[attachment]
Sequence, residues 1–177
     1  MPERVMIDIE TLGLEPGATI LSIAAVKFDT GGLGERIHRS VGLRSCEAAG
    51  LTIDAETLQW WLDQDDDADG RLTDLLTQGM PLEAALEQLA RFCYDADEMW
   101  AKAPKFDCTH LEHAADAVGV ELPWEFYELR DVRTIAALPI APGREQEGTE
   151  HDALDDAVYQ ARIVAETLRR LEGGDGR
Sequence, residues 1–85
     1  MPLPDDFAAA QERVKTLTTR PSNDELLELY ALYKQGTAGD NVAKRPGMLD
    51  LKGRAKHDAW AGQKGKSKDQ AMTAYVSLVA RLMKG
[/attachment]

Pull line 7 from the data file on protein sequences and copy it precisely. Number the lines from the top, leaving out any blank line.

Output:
     1  MPLPDDFAAA QERVKTLTTR PSNDELLELY ALYKQGTAGD NVAKRPGMLD